Lawyers work hard and play hard, except for the play part. This asymmetry is owed to the great demands on time and energy that the law profession features as it clings to the old adage that being a lawyer is not a job, it’s a life. With an air of resignation, this vision of the 24/7 advocate is largely accepted. After all, it’s the law profession. Forfeiting a balanced life is just part of the deal. Whether this vision should be accepted, however, is another question. Testing the ethical soundness of the lawyer’s exemption from a work-life balance begs examination of the exemption’s supporting rationales: substantial rewards, client needs, and a lawyer’s freedom to choose another career. When balanced against the importance of a healthy work-life balance, these rationales ultimately fall short of justification. A more reasonable vision of the advocate is needed: a lawyer with a life.
This analysis rests on the assumption that a healthy work-life balance is a weighty value to challenge. The capacity to regularly engage in activities outside of work like rest, play and time with family, is essential to one’s mental and physical health. Too great an infringement on this capacity is an affront to human dignity. While the line between a healthy and unhealthy workload is not always clear, elevated levels of problems like depression and alcohol abuse among lawyers suggest that those in the legal profession are particularly prone to cross it. And although there are undoubtedly lawyers who do lead well-balanced lives, the Canadian Bar Association has identified concern for a work-life balance as a prevalent concern in the legal profession.
If work-life balance is so important, why should lawyers be expected to forgo it?
Rationale #1: The Money
The instinctive answer: lawyers make a lot of money. The tradeoff for a grueling workload is a padded bank account.
It may be that some lawyers do consider money a fair trade for life sacrifices. But money does not always equal compensation. Many lawyers who make big bucks would readily take a pay cut for a less hectic professional life. This evinces the truth that excess money is a poor substitute for many other components of life—particularly those needed to maintain mental, social and physical health. A paycheque that is used to validate an unhealthy workload is a dubious form of compensation. Secondly, while many of the lawyers that have the most grueling schedules are those who work in big law firms that pay well, most lawyers don’t have triple figure salaries and many of them still have taxing workloads.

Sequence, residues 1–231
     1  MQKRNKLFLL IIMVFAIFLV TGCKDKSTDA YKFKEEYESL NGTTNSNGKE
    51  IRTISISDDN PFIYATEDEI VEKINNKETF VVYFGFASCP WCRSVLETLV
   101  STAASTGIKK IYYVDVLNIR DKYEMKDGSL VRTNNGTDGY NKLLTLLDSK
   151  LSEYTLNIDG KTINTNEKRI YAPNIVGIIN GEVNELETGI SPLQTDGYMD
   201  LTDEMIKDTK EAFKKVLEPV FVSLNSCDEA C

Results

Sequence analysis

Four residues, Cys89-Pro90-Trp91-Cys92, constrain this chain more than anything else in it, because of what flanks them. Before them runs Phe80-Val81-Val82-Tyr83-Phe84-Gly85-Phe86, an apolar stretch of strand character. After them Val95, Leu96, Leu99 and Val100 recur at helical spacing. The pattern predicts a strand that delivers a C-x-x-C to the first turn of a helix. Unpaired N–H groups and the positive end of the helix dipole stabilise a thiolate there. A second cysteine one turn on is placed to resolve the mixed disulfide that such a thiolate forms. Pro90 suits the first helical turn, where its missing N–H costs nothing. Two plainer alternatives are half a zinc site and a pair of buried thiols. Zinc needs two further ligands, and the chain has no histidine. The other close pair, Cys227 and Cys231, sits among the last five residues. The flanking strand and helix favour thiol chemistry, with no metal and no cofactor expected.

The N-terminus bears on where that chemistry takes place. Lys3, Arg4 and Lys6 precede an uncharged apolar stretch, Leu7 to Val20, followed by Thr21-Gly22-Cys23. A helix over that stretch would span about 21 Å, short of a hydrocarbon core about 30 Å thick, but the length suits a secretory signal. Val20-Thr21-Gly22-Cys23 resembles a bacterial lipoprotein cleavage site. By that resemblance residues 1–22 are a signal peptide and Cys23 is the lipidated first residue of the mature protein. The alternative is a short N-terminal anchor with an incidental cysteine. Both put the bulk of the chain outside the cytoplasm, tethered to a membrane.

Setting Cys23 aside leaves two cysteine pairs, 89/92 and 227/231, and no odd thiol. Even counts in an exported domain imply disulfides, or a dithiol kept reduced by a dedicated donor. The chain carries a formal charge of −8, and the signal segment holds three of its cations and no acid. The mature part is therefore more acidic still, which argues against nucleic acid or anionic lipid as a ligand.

Rationale #2: Client Satisfaction
Another justification for a lawyer’s work-life imbalance is the importance of client satisfaction. This emphasis reflects the traditional approach to the practice of law that prioritizes client needs above all other interests. As Lord Henry Brougham declared and the Supreme Court of Canada embraced in R v. Neil, a lawyer “knows but one person in all the world, and that person is his client.” Lawyers also have a professional responsibility to serve their clients with excellence. For example, Rule 4.01 of The Federation of Law Societies of Canada’s Model Code of Professional Conduct requires that advocates “…raise fearlessly every issue, advance every argument, and ask every question…that the lawyer thinks will help the client’s case and to endeavor to obtain for the client the benefit of every remedy and defence authorized by law.” Living up to this standards demands hard work. One could even argue that it’s unethical to restrict a lawyer’s hours if that restriction diminishes the quality of client representation. Of course, reinforcing these expectations are the ever-present realities of business. Every practicing lawyer knows that clients pay the bills, and clients have a their choice of firms.